http://www.uline.com/BL_863/Convoluted-Foam-Sets?keywords=foam

    Also, remember a room doesn't have to be perfect, it just needs to be reasonable.

    As another simple possibility for a AV room, would be moderately low price tapestries for various Art Print and Poster shop. If you are in a windowless room with no curtains, as a home theater might be, you could hang tapestries on the wall between the speakers and the listeners. These would help soften the room and would look very nice too. If you stood the tapestries out from the wall a bit, you could even hide additional sound absorbing material behind them.

    Examples of tapestries -

    AllPosters.com - The World's Largest Poster and Print Store!

    Again, a USA site, but I have no doubt the equivalent in available in the EU.

    EDITED: Sorry for such a long post. All Posters does have a UK website that has almost a thousand more tapestries than the USA site -

    http://www.allposters.co.uk/gallery...arch=tapestry&imageField2.x=0&imageField2.y=0

    Logic says you would choose darker muted colors.

    These aren't dirt cheap, but you probable spent a fortune on a home cinema room, what a couple hundred more to get the best from it? Plus there are a couple thousand to choose from, and they do look good.

    Really, what you can do to improve a room is only limited by your imagination, and how far you want to take it.

    Steve/bluewizard
    • Thanks Thanks x 1
    Last edited: Oct 3, 2009
  22. marcus263

    marcus263 Member

    Joined:
    Nov 29, 2008
    Messages:
    144
    Trophy Points:
    18
    Ratings:
    +6
    Blue Thanks for the links. I was beginning to think that all this diffuser/absorber thing was just marketing because I could never tell the difference. I was also starting to think that I was being "told" what good sound should sound like, but Oh my God hearing the difference between treated and untreated rooms in this video: RealTraps - Ultimate Small Mixing & Mastering Room (6 min mark) I can really tell. My room sounds exactly like it does in all the untreated sound tests so I am constantly messing with my Itunes Equaliser to get acceptable sounds, otherwise as the guy stated, it does drive you cracking mad and give you a bit of an ear ache especially listening to classical rock like Guns 'n Roses or Survivor - it drives you mad.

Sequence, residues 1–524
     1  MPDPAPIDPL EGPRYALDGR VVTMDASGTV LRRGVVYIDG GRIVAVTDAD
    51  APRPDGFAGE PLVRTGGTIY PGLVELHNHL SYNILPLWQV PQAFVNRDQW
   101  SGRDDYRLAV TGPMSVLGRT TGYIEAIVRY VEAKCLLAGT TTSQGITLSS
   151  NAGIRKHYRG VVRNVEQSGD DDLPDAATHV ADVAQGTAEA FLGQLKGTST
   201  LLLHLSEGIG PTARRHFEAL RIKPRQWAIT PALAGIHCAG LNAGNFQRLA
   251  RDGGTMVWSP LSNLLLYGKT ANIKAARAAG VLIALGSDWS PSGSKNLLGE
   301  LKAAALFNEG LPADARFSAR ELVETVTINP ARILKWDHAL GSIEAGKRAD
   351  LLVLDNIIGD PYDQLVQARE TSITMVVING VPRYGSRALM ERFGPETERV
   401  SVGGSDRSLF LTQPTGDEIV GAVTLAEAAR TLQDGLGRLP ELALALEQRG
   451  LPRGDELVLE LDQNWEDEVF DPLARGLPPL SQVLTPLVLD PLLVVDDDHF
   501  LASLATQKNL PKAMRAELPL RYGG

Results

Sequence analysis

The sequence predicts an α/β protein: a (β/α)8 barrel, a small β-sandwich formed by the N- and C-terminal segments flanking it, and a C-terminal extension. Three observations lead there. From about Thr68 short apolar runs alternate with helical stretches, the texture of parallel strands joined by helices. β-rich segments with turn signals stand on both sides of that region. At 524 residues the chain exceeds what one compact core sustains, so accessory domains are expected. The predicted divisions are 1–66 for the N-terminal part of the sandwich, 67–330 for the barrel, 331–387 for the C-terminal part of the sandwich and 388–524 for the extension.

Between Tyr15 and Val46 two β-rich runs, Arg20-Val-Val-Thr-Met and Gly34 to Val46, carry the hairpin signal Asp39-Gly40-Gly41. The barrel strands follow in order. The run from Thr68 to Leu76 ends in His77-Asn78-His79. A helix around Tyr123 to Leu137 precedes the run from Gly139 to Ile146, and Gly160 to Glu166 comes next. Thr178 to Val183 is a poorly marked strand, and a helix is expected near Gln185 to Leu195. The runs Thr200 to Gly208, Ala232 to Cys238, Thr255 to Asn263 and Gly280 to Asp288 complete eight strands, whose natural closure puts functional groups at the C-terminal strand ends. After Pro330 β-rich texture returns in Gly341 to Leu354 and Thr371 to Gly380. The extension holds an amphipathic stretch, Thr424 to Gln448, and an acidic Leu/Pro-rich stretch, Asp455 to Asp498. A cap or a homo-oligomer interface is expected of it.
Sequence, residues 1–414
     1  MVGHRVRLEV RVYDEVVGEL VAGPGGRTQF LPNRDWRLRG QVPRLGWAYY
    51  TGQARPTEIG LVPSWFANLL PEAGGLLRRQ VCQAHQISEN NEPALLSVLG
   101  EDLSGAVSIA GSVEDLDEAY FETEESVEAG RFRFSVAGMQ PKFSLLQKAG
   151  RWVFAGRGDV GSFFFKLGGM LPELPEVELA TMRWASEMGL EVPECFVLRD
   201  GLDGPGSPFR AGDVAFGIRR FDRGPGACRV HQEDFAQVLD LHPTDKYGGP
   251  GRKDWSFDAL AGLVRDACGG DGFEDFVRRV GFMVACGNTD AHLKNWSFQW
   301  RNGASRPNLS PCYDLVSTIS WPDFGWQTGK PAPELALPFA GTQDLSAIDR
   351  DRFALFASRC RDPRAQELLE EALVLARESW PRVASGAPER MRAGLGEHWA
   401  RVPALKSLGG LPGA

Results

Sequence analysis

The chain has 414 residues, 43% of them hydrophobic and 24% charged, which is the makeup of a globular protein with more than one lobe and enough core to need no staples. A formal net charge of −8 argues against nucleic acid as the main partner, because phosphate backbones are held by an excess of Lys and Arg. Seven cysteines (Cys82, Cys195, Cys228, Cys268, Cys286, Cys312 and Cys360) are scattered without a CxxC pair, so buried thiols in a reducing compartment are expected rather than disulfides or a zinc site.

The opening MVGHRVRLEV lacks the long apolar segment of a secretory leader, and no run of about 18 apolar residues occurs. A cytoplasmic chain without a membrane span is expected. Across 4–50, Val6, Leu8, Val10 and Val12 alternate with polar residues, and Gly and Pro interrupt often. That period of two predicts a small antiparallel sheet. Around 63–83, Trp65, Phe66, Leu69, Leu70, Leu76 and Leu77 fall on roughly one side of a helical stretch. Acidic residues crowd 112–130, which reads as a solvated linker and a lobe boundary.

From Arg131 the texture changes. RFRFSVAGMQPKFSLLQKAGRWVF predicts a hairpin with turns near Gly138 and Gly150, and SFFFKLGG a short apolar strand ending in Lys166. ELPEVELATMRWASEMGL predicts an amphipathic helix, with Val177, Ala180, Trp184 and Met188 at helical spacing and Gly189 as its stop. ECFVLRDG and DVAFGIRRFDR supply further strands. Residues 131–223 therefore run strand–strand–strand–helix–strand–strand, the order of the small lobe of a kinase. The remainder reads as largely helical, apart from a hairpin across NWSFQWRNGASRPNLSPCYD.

What I've also just realised is that I need absorbers not diffusers as my room is too small, so I'm getting all that reflection which is making music listening a pain (RealTraps - All About Diffusion - 12:30 Mark)
  23. BlueWizard

    BlueWizard Well-Known Member

    Joined:
    Jun 19, 2007
    Messages:
    14,963
    Trophy Points:
    166
    Ratings:
    +2,682
    If you go to the Real Traps website, you see a series of photos across the top of the page. You can click on these photo and get a closer view. Most of these are extreme compared to what the average person can do. But notice that many of the wall and ceiling traps stand off from the wall or ceiling. By doing this, the absorbers and absorb from both sides.

    Also, in the diffuser video, notice how crisp and life-like the guitar was in front of a good diffuser, and notice how dull and muddled it sounded in front of less type diffusers. Also, notice how dull it sounded in front of an absorber.

    You don't want the room to be 100% absorbing, or the life goes out of the music, but you don't want excessive reflections either, or the music steps all over itself.

    And, as I said before, few can afford acoustical perfection. Most of us do the best we can with the room and the resources we have. In most cases, good enough is...well...good enough.